Jacob Lawrence Painting Resurfaces After 60 Years

Jacob Lawrence Painting Resurfaces After 60 Years

Sarah Vance Harrison

After being missing for 60 years, a painting by artist Jacob Lawrence has recently resurfaced. Lawrence was a well-known African American modernist painter of the 20th century who lived from 1917 to 2002. He often used dynamic cubism and abstract art to show the experiences and hardships of African Americans. He gained national recognition for his work The Migration Series, which was published in 1941.

A visitor of the Metropolitan Museum of Art had noticed one of the missing pieces of an exhibition by Lawrence was in fact hanging up in their neighbors’ home. The owners of the painting said they purchased the artwork from Lawrence in 1960 at a Christmas charity auction and had it hanging up in their apartment in the Upper West Side ever since.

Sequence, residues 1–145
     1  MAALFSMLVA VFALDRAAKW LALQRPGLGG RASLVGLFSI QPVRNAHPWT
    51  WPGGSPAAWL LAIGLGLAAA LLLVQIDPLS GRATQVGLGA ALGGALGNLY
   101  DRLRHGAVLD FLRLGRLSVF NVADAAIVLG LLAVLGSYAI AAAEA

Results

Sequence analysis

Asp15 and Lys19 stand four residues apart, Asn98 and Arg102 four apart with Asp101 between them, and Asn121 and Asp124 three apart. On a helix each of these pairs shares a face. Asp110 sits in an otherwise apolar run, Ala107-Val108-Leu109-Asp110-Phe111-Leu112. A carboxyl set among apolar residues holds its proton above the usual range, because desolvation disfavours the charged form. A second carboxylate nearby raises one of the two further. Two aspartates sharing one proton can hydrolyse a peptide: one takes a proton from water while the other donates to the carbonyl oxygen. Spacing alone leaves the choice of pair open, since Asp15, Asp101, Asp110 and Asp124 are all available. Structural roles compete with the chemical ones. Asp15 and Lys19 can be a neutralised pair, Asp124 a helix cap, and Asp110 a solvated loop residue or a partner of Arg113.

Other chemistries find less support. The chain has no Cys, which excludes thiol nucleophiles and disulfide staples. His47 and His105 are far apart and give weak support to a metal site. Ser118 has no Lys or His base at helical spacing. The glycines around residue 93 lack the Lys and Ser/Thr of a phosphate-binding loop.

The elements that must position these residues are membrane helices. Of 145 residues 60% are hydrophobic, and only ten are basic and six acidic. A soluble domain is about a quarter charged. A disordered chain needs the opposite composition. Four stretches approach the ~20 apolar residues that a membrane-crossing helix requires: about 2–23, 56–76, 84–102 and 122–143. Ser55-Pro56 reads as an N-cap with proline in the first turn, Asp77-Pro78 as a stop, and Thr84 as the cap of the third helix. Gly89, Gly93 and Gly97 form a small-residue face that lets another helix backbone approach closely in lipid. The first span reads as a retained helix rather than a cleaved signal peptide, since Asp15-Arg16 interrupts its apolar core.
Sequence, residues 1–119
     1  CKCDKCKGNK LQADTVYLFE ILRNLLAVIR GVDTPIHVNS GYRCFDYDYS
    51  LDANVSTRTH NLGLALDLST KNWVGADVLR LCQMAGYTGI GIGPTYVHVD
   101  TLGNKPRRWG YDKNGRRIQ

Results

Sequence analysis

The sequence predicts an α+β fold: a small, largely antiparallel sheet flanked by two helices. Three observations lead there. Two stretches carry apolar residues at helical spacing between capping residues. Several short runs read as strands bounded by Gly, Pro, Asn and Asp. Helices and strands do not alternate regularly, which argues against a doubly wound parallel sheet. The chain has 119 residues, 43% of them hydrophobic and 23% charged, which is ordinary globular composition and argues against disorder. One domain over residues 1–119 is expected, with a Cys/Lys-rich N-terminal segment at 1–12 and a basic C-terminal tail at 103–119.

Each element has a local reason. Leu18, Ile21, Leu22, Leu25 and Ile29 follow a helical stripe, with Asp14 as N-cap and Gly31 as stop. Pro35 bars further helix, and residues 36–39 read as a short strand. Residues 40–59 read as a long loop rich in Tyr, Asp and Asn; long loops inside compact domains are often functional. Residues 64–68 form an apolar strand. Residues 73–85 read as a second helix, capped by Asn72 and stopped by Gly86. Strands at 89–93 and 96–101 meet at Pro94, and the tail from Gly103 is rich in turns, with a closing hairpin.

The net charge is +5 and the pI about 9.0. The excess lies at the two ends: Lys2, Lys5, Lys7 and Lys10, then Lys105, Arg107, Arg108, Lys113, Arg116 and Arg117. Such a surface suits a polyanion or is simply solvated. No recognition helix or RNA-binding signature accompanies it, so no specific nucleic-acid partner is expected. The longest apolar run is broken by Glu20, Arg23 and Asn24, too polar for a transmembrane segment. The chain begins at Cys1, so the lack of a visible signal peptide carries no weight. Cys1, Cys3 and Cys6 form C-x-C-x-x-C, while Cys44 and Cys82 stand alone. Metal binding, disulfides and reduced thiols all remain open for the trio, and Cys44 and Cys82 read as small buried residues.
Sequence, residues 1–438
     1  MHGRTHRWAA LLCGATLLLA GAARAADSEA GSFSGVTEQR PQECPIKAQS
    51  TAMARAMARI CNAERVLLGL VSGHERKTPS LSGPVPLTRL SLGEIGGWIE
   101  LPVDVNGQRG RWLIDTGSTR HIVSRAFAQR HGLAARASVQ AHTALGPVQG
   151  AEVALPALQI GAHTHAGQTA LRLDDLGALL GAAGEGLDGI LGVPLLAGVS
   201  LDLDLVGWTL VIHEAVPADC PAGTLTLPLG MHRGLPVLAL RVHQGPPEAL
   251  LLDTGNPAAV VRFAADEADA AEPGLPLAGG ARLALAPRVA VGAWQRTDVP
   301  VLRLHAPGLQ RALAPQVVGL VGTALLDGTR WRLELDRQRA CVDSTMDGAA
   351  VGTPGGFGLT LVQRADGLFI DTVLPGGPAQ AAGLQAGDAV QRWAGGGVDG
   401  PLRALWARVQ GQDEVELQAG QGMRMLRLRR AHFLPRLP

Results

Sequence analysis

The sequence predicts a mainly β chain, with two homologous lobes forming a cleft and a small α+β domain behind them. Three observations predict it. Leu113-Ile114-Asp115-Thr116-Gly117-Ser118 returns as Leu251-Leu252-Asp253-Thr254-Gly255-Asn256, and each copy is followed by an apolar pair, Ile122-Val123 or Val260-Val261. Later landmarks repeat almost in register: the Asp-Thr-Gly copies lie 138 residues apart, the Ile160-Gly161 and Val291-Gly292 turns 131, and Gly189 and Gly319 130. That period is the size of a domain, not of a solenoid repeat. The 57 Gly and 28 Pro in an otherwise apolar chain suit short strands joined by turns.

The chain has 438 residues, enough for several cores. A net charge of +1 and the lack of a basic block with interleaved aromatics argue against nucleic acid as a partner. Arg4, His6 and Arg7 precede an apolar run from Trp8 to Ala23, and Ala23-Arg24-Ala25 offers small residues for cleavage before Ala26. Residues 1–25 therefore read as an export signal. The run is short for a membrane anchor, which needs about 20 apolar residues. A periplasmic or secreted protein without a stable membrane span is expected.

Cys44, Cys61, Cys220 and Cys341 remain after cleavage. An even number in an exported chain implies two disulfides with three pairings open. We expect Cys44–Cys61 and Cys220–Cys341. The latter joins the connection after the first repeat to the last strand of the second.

The painting is the 16th panel in a 30 part series created by Lawrence from 1954 to 1956 called “Struggle: From the History of the American People.” The exhibition covers American events through the time period of 1775 to 1817. The recently discovered painting, titled “There are combustibles in every State, which a spark might set fire to. — Washington, 26 December 1786,” depicts Shay’s Rebellion, a Revolutionary War Conflict between soldiers and farmers, and was completed in 1956. Four other works from the series are still missing. Currently, the artwork is hanging in the Met as part of the exhibition until November 1st before traveling to various other cities.